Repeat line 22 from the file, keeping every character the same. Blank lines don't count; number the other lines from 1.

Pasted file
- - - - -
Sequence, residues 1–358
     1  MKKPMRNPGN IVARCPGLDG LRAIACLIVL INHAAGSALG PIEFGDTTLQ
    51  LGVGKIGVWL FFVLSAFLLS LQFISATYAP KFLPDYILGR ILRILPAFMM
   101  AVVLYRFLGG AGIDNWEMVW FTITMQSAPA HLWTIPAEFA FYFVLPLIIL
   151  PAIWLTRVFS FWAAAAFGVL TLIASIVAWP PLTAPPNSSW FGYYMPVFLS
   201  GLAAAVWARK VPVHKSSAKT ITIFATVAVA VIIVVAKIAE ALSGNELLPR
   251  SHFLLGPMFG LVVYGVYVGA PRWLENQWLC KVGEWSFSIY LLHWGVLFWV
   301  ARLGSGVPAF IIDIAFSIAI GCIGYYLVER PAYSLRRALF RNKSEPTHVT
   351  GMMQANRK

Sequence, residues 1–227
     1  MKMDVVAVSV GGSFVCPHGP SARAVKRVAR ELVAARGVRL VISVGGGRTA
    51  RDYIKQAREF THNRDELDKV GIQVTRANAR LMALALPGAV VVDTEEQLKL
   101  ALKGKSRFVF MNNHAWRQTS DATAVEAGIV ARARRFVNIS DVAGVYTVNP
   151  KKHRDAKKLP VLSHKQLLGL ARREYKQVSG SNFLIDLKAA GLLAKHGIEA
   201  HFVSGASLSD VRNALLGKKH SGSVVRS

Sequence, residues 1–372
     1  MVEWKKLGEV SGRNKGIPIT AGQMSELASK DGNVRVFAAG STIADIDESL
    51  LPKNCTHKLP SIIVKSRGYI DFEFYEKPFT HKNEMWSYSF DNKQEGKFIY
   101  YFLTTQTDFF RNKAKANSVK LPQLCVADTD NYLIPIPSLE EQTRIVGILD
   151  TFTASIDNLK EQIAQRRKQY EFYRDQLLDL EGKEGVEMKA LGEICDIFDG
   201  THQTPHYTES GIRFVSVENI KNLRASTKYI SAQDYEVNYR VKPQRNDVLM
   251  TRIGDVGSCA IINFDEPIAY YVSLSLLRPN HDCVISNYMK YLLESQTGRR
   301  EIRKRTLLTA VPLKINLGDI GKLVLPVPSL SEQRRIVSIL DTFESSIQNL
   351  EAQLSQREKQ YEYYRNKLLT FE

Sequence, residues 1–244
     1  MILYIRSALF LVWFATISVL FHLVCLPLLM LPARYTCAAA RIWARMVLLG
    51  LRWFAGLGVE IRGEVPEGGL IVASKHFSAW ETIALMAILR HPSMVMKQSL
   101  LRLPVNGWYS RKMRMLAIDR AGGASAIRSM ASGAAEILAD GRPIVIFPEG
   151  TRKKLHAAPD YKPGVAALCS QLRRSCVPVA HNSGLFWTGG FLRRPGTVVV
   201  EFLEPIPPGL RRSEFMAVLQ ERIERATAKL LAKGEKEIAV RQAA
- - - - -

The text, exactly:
   251  TRIGDVGSCA IINFDEPIAY YVSLSLLRPN HDCVISNYMK YLLESQTGRR